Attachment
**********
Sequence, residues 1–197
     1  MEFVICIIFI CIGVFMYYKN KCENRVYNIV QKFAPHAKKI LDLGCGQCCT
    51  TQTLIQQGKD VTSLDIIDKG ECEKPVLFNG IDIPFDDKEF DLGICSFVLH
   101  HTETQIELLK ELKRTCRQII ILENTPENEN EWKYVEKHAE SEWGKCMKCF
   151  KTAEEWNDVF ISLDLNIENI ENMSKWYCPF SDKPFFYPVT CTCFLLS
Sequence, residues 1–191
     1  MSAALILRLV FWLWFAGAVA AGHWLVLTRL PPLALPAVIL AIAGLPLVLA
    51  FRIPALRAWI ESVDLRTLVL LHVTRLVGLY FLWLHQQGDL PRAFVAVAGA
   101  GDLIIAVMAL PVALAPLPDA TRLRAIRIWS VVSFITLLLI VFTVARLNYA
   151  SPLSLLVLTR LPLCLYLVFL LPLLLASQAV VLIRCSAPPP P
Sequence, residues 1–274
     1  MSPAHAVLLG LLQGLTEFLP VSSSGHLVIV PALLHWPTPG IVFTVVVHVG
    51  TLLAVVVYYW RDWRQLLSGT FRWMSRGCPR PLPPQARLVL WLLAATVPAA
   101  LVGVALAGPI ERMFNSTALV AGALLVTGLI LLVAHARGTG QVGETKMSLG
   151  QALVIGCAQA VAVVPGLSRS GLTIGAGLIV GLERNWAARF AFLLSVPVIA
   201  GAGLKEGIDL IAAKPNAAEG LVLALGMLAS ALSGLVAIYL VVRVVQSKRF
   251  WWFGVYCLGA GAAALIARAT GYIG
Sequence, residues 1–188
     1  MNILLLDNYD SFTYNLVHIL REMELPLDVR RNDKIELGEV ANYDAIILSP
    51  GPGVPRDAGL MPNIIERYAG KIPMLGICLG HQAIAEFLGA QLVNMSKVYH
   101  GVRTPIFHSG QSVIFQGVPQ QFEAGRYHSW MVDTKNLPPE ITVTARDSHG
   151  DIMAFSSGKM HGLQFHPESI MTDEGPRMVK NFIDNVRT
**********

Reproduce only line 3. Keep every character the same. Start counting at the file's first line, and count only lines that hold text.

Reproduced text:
    51  TQTLIQQGKD VTSLDIIDKG ECEKPVLFNG IDIPFDDKEF DLGICSFVLH